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  • 1 ELTE Eötvös Loránd University, Hungary
  • 2 Centre for Agricultural Research, Institute for Soil Sciences and Agricultural Chemistry, Hungarian Academy of Sciences, Hungary
  • 3 ELTE Eötvös Loránd University, Hungary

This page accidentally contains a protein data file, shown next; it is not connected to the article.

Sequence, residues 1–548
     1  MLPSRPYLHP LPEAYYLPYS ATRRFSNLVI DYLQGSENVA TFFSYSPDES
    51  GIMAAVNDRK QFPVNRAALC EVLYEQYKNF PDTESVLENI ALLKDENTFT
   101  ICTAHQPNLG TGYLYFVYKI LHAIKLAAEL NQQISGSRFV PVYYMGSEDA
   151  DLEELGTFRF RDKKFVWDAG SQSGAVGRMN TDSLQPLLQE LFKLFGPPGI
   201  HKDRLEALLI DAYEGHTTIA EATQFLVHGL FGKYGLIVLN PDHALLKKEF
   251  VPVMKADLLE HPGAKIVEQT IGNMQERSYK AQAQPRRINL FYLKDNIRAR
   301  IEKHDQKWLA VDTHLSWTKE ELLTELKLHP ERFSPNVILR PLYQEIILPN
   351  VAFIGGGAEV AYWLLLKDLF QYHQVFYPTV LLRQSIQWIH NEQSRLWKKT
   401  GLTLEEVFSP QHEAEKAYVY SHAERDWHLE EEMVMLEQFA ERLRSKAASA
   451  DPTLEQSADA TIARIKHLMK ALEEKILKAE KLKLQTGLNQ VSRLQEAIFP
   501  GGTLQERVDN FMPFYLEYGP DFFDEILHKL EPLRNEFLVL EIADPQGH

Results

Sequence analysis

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Karst areas have great environmental importance as sources of subsurface water and often maintain very sensitive ecosystems. In recent years, increasing number of microbiological studies focused on the bacterial communities of karst soils. In this study, diversity examinations on two distinct Hungarian karst areas, Aggtelek and Tapolca, were performed using parallel cultivation and molecular cloning methods. The phylogenetic affiliation of bacterial strains and molecular clones was determined based on their 16S rRNA gene sequences. Bacterial isolates were identified as members of the phyla Actinobacteria, Firmicutes, Proteobacteria, and Bacteroidetes. Besides the taxa identified by cultivation, members of the phyla Chloroflexi, Cyanobacteria, Acidobacteria, Verrucomicrobia, and Gemmatimonadetes were detected by the cloning. The difference in the composition of soil bacterial communities was related to geographic locations and soil types. Both the highest and the lowest bacterial diversities were detected in samples from Aggtelek National Park, characterized by Leptic Luvisol and Rendzic Leptosol soil types. The difference in the composition of bacterial communities between Rendzic Leptosol and Leptic Phaeozem soil types at Tapolca could be the result of human impacts.

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